Symphony No. 40/Symphony No. 28/Overtures

This review is sponsored by

Details At A Glance

Category Music Menu Audio
Preview Trailers (12)
Travel Notes
Year Released 2000
Running Time 55:29 minutes
RSDL/Flipper No/No
Cast & Crew
Start Up Movie
Region 1,2,3,4,5,6 Director  
DVD International 
Starring Capella Istropolitana 
Barry Wordsworth
Case Amaray style, CD style disc clip
RPI $28.95 Music Wolfgang Amadeus Mozart

Pan & Scan/Full Frame Full Frame Audio (Dolby Digital 5.1, 448Kb/s)
Audio (DTS 5.1)
Audio (Dolby Digital 2.0, 192Kb/s)
Widescreen Aspect Ratio None
16x9 Enhancement No
Theatrical Aspect Ratio 1.33:1
Macrovision ? Smoking No
Subtitles None Annoying Product Placement No
Action In or After Credits No

Plot Synopsis

    In the world of classical music, an upstart company by the name of Naxos has over the past fourteen years emerged from Hong Kong to become arguably the biggest classical label in the world. How did it move from being a newcomer with a catalogue of fifty titles to the biggest classical label in the world, with a catalogue of over two thousand titles? By offering an unrivalled catalogue of non-duplicated titles, often in superb performances, at a super-budget price. Having been responsible for the virtual demise of several large classical labels, Naxos now intend to do to DVD what they did with CD. How are they going to do it? By providing some of their great music recordings as a backdrop to some wonderful vision of some of the great places and buildings of the world (or at least Europe) at a great price. To top it off, the recordings are being remastered not just in Dolby Digital 2.0 sound, but also in Dolby Digital 5.1 and DTS 5.1! Not bad for a medium price range of DVDs! And so we get to take a look, and more importantly have a listen, to one of the first batch of six titles from the Naxos Musical Journey range, now available in Australia.

    The musical programme on this particular DVD comes from the consummate genius Wolfgang Amadeus Mozart and comprises:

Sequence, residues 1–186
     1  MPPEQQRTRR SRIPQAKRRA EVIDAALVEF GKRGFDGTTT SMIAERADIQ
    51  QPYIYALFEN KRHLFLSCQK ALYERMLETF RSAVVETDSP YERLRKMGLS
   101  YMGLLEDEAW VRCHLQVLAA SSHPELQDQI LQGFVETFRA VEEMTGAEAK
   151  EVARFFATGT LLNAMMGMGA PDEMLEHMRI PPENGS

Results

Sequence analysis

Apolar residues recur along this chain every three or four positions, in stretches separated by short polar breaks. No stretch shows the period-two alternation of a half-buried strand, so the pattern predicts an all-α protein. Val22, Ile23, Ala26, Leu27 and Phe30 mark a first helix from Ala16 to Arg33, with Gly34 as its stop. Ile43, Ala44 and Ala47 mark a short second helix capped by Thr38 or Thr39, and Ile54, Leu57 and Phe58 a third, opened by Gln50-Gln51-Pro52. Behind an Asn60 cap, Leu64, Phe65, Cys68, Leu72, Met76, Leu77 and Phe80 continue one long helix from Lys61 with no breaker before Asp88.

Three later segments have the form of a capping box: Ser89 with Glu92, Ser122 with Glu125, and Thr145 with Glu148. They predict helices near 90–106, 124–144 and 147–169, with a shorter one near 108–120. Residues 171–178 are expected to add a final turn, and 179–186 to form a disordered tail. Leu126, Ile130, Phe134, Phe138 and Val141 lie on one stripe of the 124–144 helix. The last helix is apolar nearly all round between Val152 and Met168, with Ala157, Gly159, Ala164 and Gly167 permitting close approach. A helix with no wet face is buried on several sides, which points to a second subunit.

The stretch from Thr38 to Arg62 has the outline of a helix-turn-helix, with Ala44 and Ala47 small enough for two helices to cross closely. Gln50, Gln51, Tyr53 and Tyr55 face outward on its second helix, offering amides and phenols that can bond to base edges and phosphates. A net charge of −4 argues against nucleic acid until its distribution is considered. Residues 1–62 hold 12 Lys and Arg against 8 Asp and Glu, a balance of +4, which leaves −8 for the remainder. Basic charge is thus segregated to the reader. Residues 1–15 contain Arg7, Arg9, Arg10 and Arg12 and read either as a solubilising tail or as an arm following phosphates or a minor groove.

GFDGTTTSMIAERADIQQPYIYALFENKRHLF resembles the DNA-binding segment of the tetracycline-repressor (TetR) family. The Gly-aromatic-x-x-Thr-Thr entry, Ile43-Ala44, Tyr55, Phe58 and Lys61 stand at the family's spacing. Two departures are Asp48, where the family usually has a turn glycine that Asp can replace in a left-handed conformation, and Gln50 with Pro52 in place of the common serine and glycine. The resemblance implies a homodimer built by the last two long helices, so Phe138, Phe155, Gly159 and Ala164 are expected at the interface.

There is certainly no disputing the musical quality on offer here. These recordings are rated very highly by The Penguin Guide To Compact Discs, and since they are all in my CD collection I can certainly attest to their general excellence. The orchestra may not be a well-known name, but all these recordings are rated three stars (the highest star rating in the guide). This is glorious music that bears repeated listening with absolute ease. The Penguin Guide describes these as consistently refreshing and enjoyable performances, and I thoroughly agree.

    The visual accompaniment to the music is quite decent, too. Symphony No. 40 is accompanied by a visual tour of the very famous Neustift Monastery, located in Southern Tyrol in Italy. Visually, this is a gorgeous building, and it is shown to good effect here - especially the magnificent frescoes which are shown in all their glory during the second movement of the symphony. Symphony No. 28 is accompanied by some of the visual delights of the beautiful city of Innsbruck in Austria. Like many old cities of Europe, it has some magnificent old buildings and a fair display of them is presented here. The overtures are also accompanied by footage of Innsbruck.

    Whilst not being absolutely convinced of the presentation method, I nonetheless found this to be an enjoyable way of spending an hour - wonderful music accompanied by some wonderful visuals. Overall, it is probably better than just watching a conductor conduct an orchestra.

Transfer Quality


    The transfer is presented Full Frame and is not 16x9 enhanced. The transfer is an NTSC effort, so you will require a display device capable of accepting such a signal.

    In general, these are quite wonderful video transfers: generally very sharp with loads of detail to be found. Obviously, the detail is needed as the ornate detail in the frescoes in particular is quite spectacular. Shadow detail is somewhat lacking for the very reason that in general the whole video programme has been shot in such a way as to make the most of whatever light was available, meaning that there is little opportunity for shadow detail to come into play. The transfers are wonderfully clear and there is no problem at all with respect to grain. There was just the odd hint on occasions of low level noise in the transfer but nothing that was especially distracting.

    The colour here is staggering! This is as gorgeous a looking transfer as you could expect. On offer here are magnificently rendered colours, wonderfully vibrant and capturing the magnificence of the locations. This is so good-looking, I almost jumped onto the Internet to book tickets to visit these locations in real life! I wish I saw more feature films that looked this good as far as colour goes. There is no hint of oversaturation here at all. There is nothing approaching colour bleed in the transfer. The only problem at all with the visual aspect of the transfer was in the early portion of the video of Innsbruck, where the tone was just a little overexposed owing to sunlight. This however is not a transfer problem but a source material problem.